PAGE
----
Further flooding possible as deluges continue into weekend
The Environment Agency says it will be the third weekend running of ‘exceptional river levels and stormy weather’.
Heavy rain over the weekend could bring further flooding misery, the Environment Agency (EA) has warned.
Almost continuous wet weather for the past fortnight has seen England receive 141% of its average February rainfall so far, the agency said as it warned the deluges are set to continue into next week.
It said that spells of heavy rain over the weekend could lead to further flooding in parts of the North and the Midlands.
And a spokesman said that “ongoing river flooding remains probable for the River Severn on Monday and Tuesday”.
The warnings were issued on Friday as large areas of South Wales and the Midlands continue to battle extensive flooding and massive clear-up operations have started where water levels have fallen.
Caroline Douglass, director of incident management at the EA, said: “Flooding has a long lasting and devastating impact on people’s lives, and our thoughts remain with all those who have been flooded and continue to feel the impacts of the persistent wet weather.
“Further spells of rain in northern England from today (Friday) and into the weekend, which are also expected into next week, could cause further flooding, particularly across the Pennines and parts of northern England, York and the Midlands.
“Ongoing river flooding remains probable for the River Severn next week as it responds to heavy rainfall.
“This will be the third weekend of exceptional river levels and stormy weather.
“With the effects of climate change, we need to prepare for more frequent periods of extreme weather like this.
“People need to be aware of their flood risk, sign up to flood warnings, make a flood plan and not to drive or walk through floodwater.”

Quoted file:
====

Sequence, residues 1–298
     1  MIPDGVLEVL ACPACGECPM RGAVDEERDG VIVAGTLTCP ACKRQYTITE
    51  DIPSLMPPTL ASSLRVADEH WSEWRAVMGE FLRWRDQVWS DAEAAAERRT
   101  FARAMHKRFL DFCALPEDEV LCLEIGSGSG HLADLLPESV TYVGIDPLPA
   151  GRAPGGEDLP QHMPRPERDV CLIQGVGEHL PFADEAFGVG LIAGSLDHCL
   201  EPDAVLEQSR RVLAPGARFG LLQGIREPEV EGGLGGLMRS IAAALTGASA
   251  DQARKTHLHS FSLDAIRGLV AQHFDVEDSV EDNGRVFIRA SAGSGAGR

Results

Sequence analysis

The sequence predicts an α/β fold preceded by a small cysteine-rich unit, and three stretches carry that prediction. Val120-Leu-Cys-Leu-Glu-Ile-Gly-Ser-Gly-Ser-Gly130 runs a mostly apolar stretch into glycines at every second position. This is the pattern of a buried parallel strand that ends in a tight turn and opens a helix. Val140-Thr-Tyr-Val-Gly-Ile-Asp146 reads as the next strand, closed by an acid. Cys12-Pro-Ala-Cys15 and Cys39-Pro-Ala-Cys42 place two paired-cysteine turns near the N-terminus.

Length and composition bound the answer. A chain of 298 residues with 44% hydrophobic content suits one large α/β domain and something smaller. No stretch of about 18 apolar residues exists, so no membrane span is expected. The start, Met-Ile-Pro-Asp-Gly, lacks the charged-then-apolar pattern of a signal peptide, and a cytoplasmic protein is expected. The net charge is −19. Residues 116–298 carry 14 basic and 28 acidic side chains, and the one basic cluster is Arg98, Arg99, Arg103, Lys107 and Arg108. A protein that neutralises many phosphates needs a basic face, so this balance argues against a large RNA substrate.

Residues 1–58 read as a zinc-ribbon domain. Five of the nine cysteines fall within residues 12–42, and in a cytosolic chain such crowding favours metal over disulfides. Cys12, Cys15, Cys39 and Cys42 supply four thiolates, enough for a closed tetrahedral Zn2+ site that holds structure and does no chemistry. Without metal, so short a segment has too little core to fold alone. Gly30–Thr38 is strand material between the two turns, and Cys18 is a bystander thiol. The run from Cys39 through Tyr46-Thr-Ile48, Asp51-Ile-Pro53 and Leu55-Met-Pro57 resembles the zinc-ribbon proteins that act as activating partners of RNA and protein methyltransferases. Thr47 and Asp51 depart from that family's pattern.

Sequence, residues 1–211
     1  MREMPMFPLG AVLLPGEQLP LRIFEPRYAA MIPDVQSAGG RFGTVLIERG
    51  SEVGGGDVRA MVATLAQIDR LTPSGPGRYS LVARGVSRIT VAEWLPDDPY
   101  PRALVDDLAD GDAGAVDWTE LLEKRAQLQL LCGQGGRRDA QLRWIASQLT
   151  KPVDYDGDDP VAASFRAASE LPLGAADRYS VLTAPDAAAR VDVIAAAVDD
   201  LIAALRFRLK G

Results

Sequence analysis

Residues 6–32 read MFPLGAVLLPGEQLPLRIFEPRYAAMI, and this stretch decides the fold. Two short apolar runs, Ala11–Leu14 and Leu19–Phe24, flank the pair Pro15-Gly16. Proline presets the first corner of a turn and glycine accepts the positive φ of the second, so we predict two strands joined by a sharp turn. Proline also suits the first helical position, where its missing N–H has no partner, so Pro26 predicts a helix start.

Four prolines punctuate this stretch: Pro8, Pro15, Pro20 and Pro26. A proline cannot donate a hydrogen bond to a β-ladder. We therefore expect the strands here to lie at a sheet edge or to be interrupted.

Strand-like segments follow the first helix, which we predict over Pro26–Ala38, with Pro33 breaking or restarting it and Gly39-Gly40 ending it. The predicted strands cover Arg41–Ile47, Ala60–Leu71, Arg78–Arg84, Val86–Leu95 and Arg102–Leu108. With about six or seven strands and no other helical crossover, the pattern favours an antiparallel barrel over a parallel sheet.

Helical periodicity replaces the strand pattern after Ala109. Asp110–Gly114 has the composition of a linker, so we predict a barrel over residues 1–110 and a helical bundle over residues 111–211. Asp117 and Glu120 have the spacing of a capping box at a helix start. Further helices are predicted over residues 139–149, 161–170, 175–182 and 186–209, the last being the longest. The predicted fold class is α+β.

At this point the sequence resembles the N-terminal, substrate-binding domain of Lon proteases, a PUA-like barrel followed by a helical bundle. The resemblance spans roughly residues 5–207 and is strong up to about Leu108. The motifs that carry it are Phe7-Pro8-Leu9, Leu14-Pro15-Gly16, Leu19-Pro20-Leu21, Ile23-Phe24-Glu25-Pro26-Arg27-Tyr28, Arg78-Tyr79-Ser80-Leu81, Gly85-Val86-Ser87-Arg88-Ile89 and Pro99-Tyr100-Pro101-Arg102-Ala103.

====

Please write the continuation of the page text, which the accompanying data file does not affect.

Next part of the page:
On Friday afternoon, the EA said there were two severe flood warnings, meaning there is an immediate risk to life; 72 flood warnings and 140 flood alerts across England.
There were also one flood warning and three flood alerts in Wales.
The EA said that river levels have exceeded existing records with the Colne, Ribble, Calder, Aire, Trent, Severn, Wye, Lugg and Derwent among the many rivers where records have been broken.
But the agency said that, even with record river levels, the number of homes flooded has been fewer than in other major flood-events of the last 20 years.
John Curtin, executive director of Flood & Coastal Risk Management, Environment Agency, said on Twitter that Storm Ciara, two weeks ago, left 800 properties flooded and Storm Dennis has affected 600.
Mr Curtin said this compared with 1,200 homes flooded in the north of England at the end of 2019; 17,000 in the 2015 Boxing Day floods and 55,000 in the floods across the North and Midlands in 2007.
An EA spokesman said its teams have put up more than 6km of temporary flood barriers and flood defences have protected nearly 25,000 properties from the ongoing impacts of Storm Dennis, which hit a week ago.
The agency said 1,000 EA staff have been mobilised in the last week, operating flood defences and temporary pumps, clearing debris from rivers, inspecting damaged flood defences and making repairs.
The current Met Office weather warnings for rain for central and south-western Scotland expire on Saturday morning.
But fresh yellow warnings have been issued for South Wales on Sunday and the north of England on Monday.
There is also a yellow warning for snow and ice across much of Scotland on Saturday.
Honister Pass in Cumbria, one of the wettest areas of the UK annually, recorded 185mm of rain in 36 hours on Thursday while 72mm was recorded in Shap, Cumbria.
Capel Curig in Snowdonia, north Wales, recorded 86mm of rain in 36 hours after setting Wednesday’s record for rain with 80mm in a single day.
Hundreds of people have been evacuated from their homes in the worst-affected areas following days of flooding in the wake of Storm Dennis.
A fundraiser launched by Good Omens actor Michael Sheen on Wednesday evening has since doubled its initial target of collecting £10,000 for Welsh people affected by Storm Dennis.
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